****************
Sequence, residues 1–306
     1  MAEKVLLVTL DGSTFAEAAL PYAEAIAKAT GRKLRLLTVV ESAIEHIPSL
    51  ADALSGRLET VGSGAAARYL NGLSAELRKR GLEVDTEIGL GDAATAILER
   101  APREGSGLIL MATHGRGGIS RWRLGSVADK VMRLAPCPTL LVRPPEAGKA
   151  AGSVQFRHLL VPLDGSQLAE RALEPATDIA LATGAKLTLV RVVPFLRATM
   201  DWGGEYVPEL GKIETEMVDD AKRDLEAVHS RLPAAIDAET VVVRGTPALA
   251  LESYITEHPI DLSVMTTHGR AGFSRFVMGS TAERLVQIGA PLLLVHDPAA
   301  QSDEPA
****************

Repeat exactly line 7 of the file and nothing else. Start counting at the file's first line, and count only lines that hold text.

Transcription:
   251  LESYITEHPI DLSVMTTHGR AGFSRFVMGS TAERLVQIGA PLLLVHDPAA